07 August 2013 00:00 [Source: ICIS news]
HOUSTON (ICIS)--US detergent ingredients were proven to show low environmental risk, according to a comprehensive field research study conducted by the American Cleaning Institute (ACI), sources said on Tuesday.
“The major disposal route of alcohol ethoxylates [or ethoxylated alcohols] is down-the-drain through sewage systems and municipal wastewater treatment plants into receiving surface waters,” said Kathleen Stanton, director of technical and regulatory affairs for the ACI.
“Because these are down-the-drain disposal routes for the detergents, the fate and effects of the residuals in treated sewage effluent is of interest to industry and regulators alike,” Stanton added.
According to Stanton, the chemical backbone of detergents is aliphatic alcohols, commonly called fatty alcohols.
Once ethylene oxide (EO) is added, the resulting molecule is referred to as a surfactant (surface-acting-agent).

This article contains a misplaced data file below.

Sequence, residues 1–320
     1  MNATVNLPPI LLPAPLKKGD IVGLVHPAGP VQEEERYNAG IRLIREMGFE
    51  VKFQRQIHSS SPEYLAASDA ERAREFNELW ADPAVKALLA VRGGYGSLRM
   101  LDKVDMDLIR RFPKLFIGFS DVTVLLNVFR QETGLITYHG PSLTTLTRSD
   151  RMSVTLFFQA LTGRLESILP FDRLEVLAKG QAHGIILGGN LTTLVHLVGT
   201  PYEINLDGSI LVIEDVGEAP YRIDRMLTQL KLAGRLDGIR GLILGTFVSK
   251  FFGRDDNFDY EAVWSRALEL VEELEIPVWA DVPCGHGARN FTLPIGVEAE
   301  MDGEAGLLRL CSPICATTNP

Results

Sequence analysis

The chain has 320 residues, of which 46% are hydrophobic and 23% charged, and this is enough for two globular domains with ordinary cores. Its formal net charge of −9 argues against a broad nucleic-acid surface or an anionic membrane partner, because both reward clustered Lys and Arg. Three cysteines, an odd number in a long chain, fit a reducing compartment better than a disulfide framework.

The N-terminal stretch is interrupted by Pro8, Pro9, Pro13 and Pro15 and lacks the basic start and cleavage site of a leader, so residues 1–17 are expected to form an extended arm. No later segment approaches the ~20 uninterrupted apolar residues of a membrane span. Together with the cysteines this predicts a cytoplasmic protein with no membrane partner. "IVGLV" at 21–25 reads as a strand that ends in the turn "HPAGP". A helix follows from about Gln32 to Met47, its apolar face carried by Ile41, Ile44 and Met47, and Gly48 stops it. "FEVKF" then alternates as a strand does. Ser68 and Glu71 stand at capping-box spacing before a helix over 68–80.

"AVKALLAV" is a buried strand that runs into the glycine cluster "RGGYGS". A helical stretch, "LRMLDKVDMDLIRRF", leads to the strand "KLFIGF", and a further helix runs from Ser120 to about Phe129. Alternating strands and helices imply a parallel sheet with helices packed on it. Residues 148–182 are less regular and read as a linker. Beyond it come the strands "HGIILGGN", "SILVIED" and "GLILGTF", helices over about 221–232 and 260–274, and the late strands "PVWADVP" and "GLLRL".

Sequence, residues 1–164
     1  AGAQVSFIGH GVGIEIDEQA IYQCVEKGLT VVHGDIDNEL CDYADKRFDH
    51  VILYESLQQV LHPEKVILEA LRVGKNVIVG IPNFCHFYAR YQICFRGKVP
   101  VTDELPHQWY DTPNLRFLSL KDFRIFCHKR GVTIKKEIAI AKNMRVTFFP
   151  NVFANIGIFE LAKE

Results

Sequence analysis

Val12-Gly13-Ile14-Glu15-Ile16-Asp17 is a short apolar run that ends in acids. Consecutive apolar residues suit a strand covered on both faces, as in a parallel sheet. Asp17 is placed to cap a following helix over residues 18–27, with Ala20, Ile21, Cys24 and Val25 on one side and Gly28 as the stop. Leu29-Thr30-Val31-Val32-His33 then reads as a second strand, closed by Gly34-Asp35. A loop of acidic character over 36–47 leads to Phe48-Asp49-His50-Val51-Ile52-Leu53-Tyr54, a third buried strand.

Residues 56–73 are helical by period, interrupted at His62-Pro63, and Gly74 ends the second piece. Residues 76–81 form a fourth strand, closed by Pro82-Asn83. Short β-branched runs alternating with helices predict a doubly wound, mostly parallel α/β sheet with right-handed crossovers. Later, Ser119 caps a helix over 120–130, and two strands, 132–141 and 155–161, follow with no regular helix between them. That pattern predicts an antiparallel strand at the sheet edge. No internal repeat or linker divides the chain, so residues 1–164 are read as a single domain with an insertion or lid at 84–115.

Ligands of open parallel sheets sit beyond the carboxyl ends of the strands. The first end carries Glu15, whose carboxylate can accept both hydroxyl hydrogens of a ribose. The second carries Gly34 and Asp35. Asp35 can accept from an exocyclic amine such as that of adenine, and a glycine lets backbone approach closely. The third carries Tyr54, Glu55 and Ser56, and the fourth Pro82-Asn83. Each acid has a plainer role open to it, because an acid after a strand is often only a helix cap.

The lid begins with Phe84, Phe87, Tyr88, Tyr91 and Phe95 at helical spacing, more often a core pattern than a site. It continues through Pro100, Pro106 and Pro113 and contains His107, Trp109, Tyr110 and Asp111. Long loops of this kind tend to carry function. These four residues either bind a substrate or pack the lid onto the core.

Chemicals other than EO may be applied to a fatty alcohol to create different types of surfactants.
However, this study concentrated on the ethoxylated surfactants with the goal to determine the environmental impact of the fatty alcohol backbone of the detergent.
Natural (vegetable-oil based) and synthetic (natural gas/ethylene-based) fatty alcohols were both tested during in the scope of the study.
“There were no environmental impact differences found between the natural and synthetic alcohols,” Stanton said.
Surfactants are a wide variety of products that are commonly referred to as detergents. Detergents have numerous applications in home care end uses, as well as similarly varied detergent-range products that find significant use in the industrial sector.
Kathleen Stanton, a co-author of the peer-reviewed research paper, said the work was done as a stewardship effort to offer ongoing support of environmental objectives.
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